The benefits of learning to forget

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by Jenna Finley, Biology & Life Sciences editor

You may have heard it said, “Elephants never forget,”—but maybe they should. New research suggests that forgetting is a form of learning! This apparently contradictory statement could very well prove true in unpredictable environments. To understand why, let’s first take a look at how memory works.

Memory encoding

Every time we learn something new, our brains change in ways that allow us to retain that information. The learning process activates specific neurons, called engram cells, all across the cortex to store the different parts of a memory. The engram cells then undergo many physical changes that allow them to encode that memory into our synapses and one day retrieve that information when it’s called for. It’s like all the different components of a birthday cake—it needs icing, candles, decorations, and sponge to come together if it is to be considered a birthday cake rather than just a bunch of ingredients. Memory needs a myriad of cells to come together to represent whatever we just learned.

fMRI scan of a brain using memory. Activation can be seen across different brain regions (Public Domain, Graner J, Oakes TR, French LM and Riedy G, 2013)

When you look at an fMRI of a brain recalling a specific event, you can see regions light up all across the brain, indicating that those regions participate in storing and retrieving that memory. The changes that happen in our brain to create a memory (i.e., the pattern of cells that are activated when we remember something) are referred to as a “memory engram.” Those engram cells are the pieces that, once activated together, allow us to consciously remember what kind of milk we normally buy or the licence plate number on our car.

When we use a skill often, we get better at it. If you’ve ever taken up a new hobby, you may have been told, “practice makes perfect,” and there’s a lot of truth to that. The connections between engram cells get a lot stronger due to frequent use or activation, making those memory engrams easier to access, a process called long-term potentiation (LTP). It’s why we’re less likely to forget the things that we do every single day.

This video by SciShow Psych gives a much deeper and more detailed look into the formation of memory engrams! Permission to embed by YouTube API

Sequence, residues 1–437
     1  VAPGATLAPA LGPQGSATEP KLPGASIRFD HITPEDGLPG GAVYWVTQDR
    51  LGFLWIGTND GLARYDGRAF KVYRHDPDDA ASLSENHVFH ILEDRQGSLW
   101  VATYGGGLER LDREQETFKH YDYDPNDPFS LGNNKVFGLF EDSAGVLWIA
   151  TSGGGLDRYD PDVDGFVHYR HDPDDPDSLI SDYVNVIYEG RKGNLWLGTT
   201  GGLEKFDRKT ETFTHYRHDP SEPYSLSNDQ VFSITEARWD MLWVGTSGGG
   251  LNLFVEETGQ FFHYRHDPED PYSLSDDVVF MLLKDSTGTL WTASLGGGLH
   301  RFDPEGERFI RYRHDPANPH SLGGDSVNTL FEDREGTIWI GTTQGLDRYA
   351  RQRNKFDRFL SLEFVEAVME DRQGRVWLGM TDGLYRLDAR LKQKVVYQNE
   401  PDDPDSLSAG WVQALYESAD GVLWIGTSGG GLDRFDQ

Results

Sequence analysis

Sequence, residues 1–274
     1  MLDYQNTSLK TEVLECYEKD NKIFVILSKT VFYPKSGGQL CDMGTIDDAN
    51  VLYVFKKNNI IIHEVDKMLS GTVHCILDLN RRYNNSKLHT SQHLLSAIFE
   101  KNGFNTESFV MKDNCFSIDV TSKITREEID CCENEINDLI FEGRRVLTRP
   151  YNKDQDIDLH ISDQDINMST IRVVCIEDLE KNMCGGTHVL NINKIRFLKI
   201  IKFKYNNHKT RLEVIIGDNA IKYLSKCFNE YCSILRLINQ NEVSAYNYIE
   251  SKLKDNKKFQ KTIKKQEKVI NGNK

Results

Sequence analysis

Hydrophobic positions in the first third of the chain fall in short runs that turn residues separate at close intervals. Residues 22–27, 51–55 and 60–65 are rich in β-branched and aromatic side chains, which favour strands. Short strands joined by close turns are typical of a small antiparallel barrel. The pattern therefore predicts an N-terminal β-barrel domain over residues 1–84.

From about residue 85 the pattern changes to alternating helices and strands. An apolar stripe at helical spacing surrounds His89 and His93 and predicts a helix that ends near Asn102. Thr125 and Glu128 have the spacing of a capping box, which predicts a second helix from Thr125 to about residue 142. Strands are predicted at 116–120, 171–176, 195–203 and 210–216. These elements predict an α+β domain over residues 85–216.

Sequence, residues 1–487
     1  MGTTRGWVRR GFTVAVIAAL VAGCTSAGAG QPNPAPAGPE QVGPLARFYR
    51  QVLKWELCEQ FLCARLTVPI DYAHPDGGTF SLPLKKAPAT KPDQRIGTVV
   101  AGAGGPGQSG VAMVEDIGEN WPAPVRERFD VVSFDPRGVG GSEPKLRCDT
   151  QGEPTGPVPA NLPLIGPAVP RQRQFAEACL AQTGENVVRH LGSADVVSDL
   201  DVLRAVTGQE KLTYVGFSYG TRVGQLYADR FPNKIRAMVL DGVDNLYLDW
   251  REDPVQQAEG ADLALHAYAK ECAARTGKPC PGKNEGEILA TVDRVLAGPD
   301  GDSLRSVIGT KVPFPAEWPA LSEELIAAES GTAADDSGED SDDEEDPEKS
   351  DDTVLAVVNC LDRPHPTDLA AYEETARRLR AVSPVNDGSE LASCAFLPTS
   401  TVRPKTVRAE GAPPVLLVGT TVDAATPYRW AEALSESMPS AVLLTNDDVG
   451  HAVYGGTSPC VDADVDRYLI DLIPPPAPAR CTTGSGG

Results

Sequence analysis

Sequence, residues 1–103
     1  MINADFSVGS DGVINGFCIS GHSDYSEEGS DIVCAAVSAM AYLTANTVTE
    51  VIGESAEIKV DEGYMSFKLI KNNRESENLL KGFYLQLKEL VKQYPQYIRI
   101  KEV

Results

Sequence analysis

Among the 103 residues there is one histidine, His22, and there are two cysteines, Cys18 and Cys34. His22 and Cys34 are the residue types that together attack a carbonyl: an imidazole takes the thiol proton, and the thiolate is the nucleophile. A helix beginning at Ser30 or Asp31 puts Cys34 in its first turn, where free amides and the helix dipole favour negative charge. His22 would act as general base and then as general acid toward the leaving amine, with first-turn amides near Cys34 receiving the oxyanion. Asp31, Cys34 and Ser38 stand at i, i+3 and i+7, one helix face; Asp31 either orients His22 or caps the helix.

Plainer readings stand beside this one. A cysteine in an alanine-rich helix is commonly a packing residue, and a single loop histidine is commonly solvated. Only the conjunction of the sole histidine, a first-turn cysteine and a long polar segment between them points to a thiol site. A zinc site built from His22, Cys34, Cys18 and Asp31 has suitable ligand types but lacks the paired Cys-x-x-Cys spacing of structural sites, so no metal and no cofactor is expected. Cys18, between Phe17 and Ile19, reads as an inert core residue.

Forgetting as learning

It’s also important to recognize that, according to scientists, we never technically forget anything. Those memories still exist in our minds but the connections are harder to activate. Think of it like a safe—the memory is in the safe, but we’ve lost the code to open it.

So, if the memories are never truly gone, how do our brains decide which ones we don’t need access to anymore? Dr. Tomás Ryan and Dr. Paul Frankland, fellows of the global Canadian Institute for Advanced Research (CIFAR), are the authors of a new study that offers a fresh perspective on this question. They recognized from prior research that the environment affects the rate of forgetting. Dynamic environments increase the rate of forgetting while stable ones decrease it. Ryan and Frankland hypothesize that, in a less predictable environment, information is relevant for less time, so our brains decide to forget that information. This is our way of adapting to our environment, by learning what we need to remember and forgetting what we do not. Or, to quote the researchers, “Indeed, not all memories are forgotten equally.”

According to their theory, the feedback that we get from the environment signals to our brains what information is salient and what is outdated, and thus can and should be forgotten. When the information we have does not line up with the environment we’re in, there is no benefit in remembering it. Forgetting it allows us to take in new information, learn from our current environment, and come up with novel solutions to the instability before us.

Implications for future research

Understanding the function of forgetting has implications that may one day help people who are suffering from severe memory impairments like Alzheimer’s Disease. We still don’t fully understand memory, which is why theories like this one have the potential to make a difference. Dr. Ryan and Dr. Frankland note, “We believe that this ‘natural forgetting’ is reversible in certain circumstances, and that in disease states—such as in people living with Alzheimer’s disease, for example—these natural forgetting mechanisms are hijacked, which results in greatly reduced engram cell accessibility and pathological memory loss.” Although at this point, it’s only theoretical, this new perspective on the problem may lead to new theories and avenues of research.

For now, however, maybe their theory can help you feel a little bit better about forgetting the names of old classmates or the street address of your former workplace. After all, with all that’s going on, our modern environment is far from stable.

Feature image: Photo by Robina Weermeijer on Unsplash, free to use under the Unsplash License.

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